At the same time, it is legitimate to assess how well the photographer succeeds at offering a modern interpretation of Rockwell’s art, capturing the humor and pathos Rockwell captured. So as a part of my overall assessment, I will address that specific criterion.

Christian Role

As I often say in these reviews, I have no idea whether the photographer intended any Christian purpose to his work.  But I choose to review his work under that prism because quite frankly I think this book provides an excellent example of Christian documentary photography.  To me, Rivoli’s decision to focus on the good helps us all live by Phil 4:8– “[W]hatsoever things are true, whatsoever things are honest, whatsoever things are just, whatsoever things are pure, whatsoever things are lovely, whatsoever things are of good report; if there be any virtue, and if there be any praise, think on these things.” 

Since that passage is so central to my review, I’d like to parse it a bit more carefully.  Much of this is taken from a particularly good article by Pastor Steven J. Cole on The Christian’s Thought Life (1995). Here’s what I think that Bible passage does and does not say. 

What it doesn’t say.  There is no Biblical basis I can find for any of the following.

  • Christians should see no evil.  Actually, quite the opposite is true.  We are to fight injustice, and how can we do that if we don’t see injustice?
  • The power of positive thinking.  Loosely interpreted, this means we should use thoughts to will good things to happen for ourselves.  This is trendy tripe found nowhere in the Bible.
  • Christians should always be positive, not negative.  Sorry, that’s also nowhere to be found in the Bible. We are to emulate Christ, and Christ was routinely critical. Further, we are to correct our brothers and sisters when necessary.  But it is true that we are to do so with love.

What it does say.

  • This is about mental discipline.  Phil 4:8 isn’t some syrupy, romantic notion. We must use considerable effort to overcome our natural instincts toward thinking about sin.
  • These are concepts of virtue, not pleasure.  Mr. Cole goes through definitions of each term, each reflecting an element of what is virtuous in the Bible.
  • The purpose of Phil 4:8 is to head off evil thoughts before they become evil actions.  Actions always start with thoughts.  So if we use self-discipline to think good thoughts, good actions should follow.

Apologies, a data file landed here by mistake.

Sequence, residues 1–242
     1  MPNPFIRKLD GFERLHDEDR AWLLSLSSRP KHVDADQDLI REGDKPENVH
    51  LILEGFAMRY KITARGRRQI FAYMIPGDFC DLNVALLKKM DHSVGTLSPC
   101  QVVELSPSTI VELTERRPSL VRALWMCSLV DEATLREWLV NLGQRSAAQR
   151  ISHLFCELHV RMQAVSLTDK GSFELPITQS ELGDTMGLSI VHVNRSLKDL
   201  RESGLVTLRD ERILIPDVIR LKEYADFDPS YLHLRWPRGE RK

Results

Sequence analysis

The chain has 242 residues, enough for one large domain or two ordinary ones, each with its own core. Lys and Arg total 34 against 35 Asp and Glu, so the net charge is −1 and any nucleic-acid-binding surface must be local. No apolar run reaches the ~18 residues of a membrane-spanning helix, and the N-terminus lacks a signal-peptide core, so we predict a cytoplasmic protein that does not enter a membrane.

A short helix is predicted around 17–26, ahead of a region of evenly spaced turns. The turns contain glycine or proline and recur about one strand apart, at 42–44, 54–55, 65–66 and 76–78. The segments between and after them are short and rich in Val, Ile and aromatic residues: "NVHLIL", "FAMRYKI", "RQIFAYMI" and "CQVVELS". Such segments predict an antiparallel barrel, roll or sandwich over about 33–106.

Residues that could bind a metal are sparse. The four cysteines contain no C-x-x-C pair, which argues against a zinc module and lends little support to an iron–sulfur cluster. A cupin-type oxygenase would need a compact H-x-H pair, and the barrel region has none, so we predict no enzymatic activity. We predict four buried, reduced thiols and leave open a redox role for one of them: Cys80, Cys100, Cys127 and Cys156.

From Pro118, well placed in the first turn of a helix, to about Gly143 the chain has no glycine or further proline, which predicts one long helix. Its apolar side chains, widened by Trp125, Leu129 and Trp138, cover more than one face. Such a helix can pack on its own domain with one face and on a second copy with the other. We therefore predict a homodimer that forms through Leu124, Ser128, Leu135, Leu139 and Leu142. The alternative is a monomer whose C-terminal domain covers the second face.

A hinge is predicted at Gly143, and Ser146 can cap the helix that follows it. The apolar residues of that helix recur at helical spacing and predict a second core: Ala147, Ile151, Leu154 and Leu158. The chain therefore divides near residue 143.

What makes Rivoli’s project ideal for embodying this Bible passage is that Rockwell’s work reflects these ideals in the first place, so a modern interpretation through photography would be expected to capture these same ideals. According to the Resource Guide provided to school classes visiting the exhibit when it was at the Ringling Museum of Art at Florida State University:

Rockwell’s work provides impetus to consider the issues of conflict and resolution, belief systems, human and social rights, justice, politics, race and ethnicity, commonalities and diversities. While the concept of “all men are created equal” has been part of our cultural heritage since the Declaration of Independence, the creation of a society that accurately reflects this value has been an ongoing social struggle, reflected in some of Norman Rockwell’s later works. He “pictures” individuals acting on their beliefs to achieve these social and democratic ideals in daily life.

According to David Kamp in a recent article on Rockwell, “From where we stand today, the appeal of these pictures transcends nostalgia or any wishful thinking that we can teleport ‘back’ into scenes that were exhaustively posed and staged in the first place. It’s the thought behind them that counts: What does it mean to be an American? What virtues are ours to uphold? What are we like in our best moments? For Rockwell, the answers to these questions lay in the idea, as he put it, ‘that everybody has a responsibility to everybody else.’ His pictures were about family, friendships, community, and society. Solo scenes were rare, and individual self‐interest was anathema. To the concept of ‘the town,’ he devoted himself as zealously as a groom does to a bride…” People rarely live in isolation. They are interdependent, organizing themselves into communities, villages, nations.

To me, that sounds like the body of Christ, and captures many Christian ideals.

Indeed, the connection between Rockwell’s work and themes of faith has been recognized in at least three other books.  While not limited to faith in God, a more general theme of faith dominates a book entitled, Norman Rockwell’s Faith in America by Fred Bauer.  More recently, Christian author Margaret Feinberg has written two books where she uses Rockwell art to illustrate books on faith and hope. Interestingly, in those two books, Ms. Fienberg uses a journalist approach to tell true stories of faith and hope that are well illustrated by Rockwell’s pictures.

Does Rivoli Succeed?

Based on the criteria I’ve laid out, I would say Rivoli succeeds commendably in capturing what Rockwell saw and was trying to communicate, and in doing so Rivoli focuses on the virtues we are called upon to think about.

What Rockwell Saw and Was Trying to Communicate.

In Rivoli’s image entitled Home from the War, he nails the same pathos that Rockwell achieved in his 1948 Saturday Evening Post cover on Christmas Homecoming. While the settings are different, and the photograph focuses on a returning veteran while the 1948 Rockwell image simply focuses on a son coming home for Christmas, the reaction of the family is the same: utter, overflowing joy. We can all relate to such homecomings.

Similarly, in Officer Lumb, Rivoli captures the moment a police officer is earnestly trying to help a young boy who seems lost. We don’t know if the boy is lost geographically, or is simply in the wrong place doing the wrong thing at the wrong time. But whatever the cause, the officer is down at the boy’s level trying to be helpful in a mentoring sort of way. That image captures the exact same feeling as the Rockwell 1958 Saturday Evening Post cover entitled Runaway, featuring an officer trying to befriend a young boy who has obviously run away from home.

Copyright Kevin Rivoli

Copyright The Norman Rockwell Licensing Company

In Grandma Reads a Story, I think Rivoli surpasses the counterpart image from Rockwell on Mother Reading to Children. Rivoli’s grandmother has an expression of caring mixed with delight that we all recognize.  The enjoyment and focus of the children in Rivoli’s picture is palpable. If I were to be critical, Rockwell’s mother and children do not express anywhere near the same genuine love and joy.